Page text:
'Spotlight' win at Oscars is rare double play
Morgan Freeman's anouncement Sunday - nearly Monday - that Spotlight won the best picture Academy Award sent Oscar buffs scrambling.
First to bed, since again the Oscars ran far too long. Later to the record books, wondering how many times in Academy Awards history a movie has won so much, yet so little.
Spotlight had a nearly parenthetical night at the Oscars, winning the evening's second prize, for Tom McCarthy and Josh Singer's original screenplay, and the final, most prestigious one.
In-between, McCarthy's party could've headed to In & Out for burgers while Mad Max: Fury Road then The Revenant piled up awards over the next three hours.
When Spotlight snatched the last one, the fact-based investigative journalism procedural became a rarity, a best picture Oscar winner with two or fewer wins overall.
How rare? The last time it happened was 63 years ago, when Cecil B. DeMille's circus extravaganza The Greatest Show on Earth won only two Oscars including "best story," later rechristened best original screenplay.
Only four earlier best picture winners in the academy's history left with two Oscars: The very first honoree Wings in 1929, All Quiet on the Western Front (1930), You Can't Take It with You (1939) and Alfred Hitchcock's Rebecca (1941).
Three other movies from the era won Oscar's top prize and no others: The Broadway Melody, also in 1930 as the academy settled in an annual pattern, then Grand Hotel (1932) and Mutiny on the Bounty (1935). One and well done.
More Oscars categories and campaigning in modern times appear to have made such narrow acclaim a thing of the dusty, distant past.
Then along comes Spotlight, the awards season's first serious contender after premiering at the Telluride Film Festival last September. (By the way, that makes seven of the past eight best picture winners debuting at Telluride.) Being first isn't always best, and Spotlight's voter appeal was shaken with each shiny new release.
But McCarthy's movie hung in there, always respected for its craft and admired for its conscience, portraying Boston Globe reporters piecing together a Pulitzer Prize winning expose' of sexual abuse by Catholic priests, and cover-ups by the church. Other movies were more dynamic (The Revenant, Mad Max: Fury Road) or entertaining (The Big Short, The Martian) but Spotlight was like its subjects; doggedly on the trail, not flashy but effective.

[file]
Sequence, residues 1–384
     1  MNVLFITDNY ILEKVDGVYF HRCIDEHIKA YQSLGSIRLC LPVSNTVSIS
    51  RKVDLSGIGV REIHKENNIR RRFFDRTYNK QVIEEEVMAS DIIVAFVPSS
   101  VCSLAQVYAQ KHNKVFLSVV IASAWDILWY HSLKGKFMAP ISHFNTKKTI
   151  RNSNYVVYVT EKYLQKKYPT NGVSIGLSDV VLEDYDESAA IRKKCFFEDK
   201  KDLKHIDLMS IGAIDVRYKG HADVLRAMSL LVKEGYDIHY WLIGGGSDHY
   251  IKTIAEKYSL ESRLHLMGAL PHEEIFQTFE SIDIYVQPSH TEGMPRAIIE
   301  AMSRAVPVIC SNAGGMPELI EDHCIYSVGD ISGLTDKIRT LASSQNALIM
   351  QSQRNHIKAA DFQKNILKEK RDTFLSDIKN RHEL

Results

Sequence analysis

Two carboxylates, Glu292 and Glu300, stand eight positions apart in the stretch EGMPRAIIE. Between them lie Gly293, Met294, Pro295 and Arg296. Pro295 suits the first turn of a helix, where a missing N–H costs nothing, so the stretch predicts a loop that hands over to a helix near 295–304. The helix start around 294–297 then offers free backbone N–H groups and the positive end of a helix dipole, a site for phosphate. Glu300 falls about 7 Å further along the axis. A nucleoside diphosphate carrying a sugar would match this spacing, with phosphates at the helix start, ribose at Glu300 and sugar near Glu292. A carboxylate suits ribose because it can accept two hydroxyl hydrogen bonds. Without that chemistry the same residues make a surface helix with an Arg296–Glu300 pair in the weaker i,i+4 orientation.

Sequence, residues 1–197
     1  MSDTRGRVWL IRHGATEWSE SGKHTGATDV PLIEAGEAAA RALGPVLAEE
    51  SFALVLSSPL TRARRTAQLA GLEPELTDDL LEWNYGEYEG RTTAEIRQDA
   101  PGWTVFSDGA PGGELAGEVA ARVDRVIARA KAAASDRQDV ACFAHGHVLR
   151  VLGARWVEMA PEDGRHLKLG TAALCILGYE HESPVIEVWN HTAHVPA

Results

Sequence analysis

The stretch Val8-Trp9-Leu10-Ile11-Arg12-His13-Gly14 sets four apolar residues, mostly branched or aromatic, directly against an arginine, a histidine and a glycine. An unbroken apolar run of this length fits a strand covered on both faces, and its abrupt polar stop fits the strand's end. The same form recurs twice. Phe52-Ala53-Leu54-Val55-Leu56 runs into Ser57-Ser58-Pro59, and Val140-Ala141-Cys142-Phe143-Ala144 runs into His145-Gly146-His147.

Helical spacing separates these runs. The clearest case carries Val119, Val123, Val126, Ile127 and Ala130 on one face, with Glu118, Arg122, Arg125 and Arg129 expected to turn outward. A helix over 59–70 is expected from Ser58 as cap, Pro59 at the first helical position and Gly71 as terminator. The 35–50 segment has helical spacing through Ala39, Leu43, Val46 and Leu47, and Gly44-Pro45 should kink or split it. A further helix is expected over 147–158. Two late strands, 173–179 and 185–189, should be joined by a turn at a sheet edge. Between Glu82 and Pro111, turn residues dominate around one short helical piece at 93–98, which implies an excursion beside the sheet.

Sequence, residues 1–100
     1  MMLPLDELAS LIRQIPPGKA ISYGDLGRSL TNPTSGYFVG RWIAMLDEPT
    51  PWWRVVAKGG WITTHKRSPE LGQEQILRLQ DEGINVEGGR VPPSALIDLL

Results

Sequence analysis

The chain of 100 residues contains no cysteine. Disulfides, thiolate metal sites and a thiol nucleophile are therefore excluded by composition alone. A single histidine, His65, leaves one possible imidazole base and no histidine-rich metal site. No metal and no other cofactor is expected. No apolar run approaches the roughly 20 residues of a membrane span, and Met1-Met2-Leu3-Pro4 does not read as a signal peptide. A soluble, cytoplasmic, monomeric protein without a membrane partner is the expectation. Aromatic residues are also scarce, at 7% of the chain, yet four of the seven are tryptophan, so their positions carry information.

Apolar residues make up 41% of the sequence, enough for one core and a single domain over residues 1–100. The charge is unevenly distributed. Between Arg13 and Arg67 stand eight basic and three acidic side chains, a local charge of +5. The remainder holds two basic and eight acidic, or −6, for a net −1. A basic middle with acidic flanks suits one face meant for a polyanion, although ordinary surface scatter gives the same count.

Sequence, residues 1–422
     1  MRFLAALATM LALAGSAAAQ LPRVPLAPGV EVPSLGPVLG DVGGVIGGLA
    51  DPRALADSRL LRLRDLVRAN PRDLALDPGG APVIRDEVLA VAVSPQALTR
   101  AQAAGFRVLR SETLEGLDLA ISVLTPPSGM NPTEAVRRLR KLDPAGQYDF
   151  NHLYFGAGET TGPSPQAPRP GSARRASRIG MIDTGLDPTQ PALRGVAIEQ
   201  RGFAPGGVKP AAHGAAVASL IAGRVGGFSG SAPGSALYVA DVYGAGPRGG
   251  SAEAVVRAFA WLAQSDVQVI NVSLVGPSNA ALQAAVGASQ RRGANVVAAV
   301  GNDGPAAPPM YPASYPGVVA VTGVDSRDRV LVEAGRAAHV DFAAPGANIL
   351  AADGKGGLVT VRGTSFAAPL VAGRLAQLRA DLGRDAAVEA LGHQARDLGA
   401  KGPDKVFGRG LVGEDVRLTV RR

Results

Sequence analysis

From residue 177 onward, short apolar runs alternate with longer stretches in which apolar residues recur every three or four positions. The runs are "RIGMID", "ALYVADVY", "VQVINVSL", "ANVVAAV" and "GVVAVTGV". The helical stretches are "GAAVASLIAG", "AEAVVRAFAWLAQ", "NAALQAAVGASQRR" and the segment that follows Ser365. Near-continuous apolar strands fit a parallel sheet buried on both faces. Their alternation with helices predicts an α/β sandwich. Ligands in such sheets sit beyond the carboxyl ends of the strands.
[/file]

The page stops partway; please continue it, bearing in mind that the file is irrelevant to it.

That's where the academy's complex preferential ballot voting system comes in. Basically a movie doesn't need to be great to win a best picture Oscar, just widely, highly regarded. The Revenant and The Big Short settled in as Spotlight's closest competitors, as awards season progressed. But those turn off a fairly large number of viewers, for being too showy and bloody (The Revenant), or too smart for the room (The Big Short).
Spotlight is solid, supportable, a movie that likely collected plenty of No. 1 rankings from voters on its own, and perhaps more No. 2's, which is how best picture is won in such a voting system. In political terms, Spotlight was the moderate choice.
Years from now, Spotlight's meager yet meaningful Oscars haul will be considered an anomaly, a fluke unlikely to occur for perhaps another seven decades. Yet there's one aspect of Spotlight's double play that hopefully comes back in style.
Mad Max: Fury Road has more Oscars (6), and The Revenant has best actor Leonardo DiCaprio and the dazzling, history-making duo, director Alejandro G. Inarritu and cinematographer Emmanuel Lubezki.
In addition to best picture, Spotlight has only an original screenplay Oscar, something to remember when the show's planned theme - not the diversity question - was the process of filmmaking from start to finish.
Both Academy Awards for screenwriting were bumped up from a traditional slot late in the show to being presented first because, we were reminded, it all begins on the page.
Special effects and visceral thrills didn't win the best picture Oscar this year. Trenchant ideas and well-crafted words did. Hollywood should keep that in mind when planning new projects.
Then hire more people of color to act, write and direct them.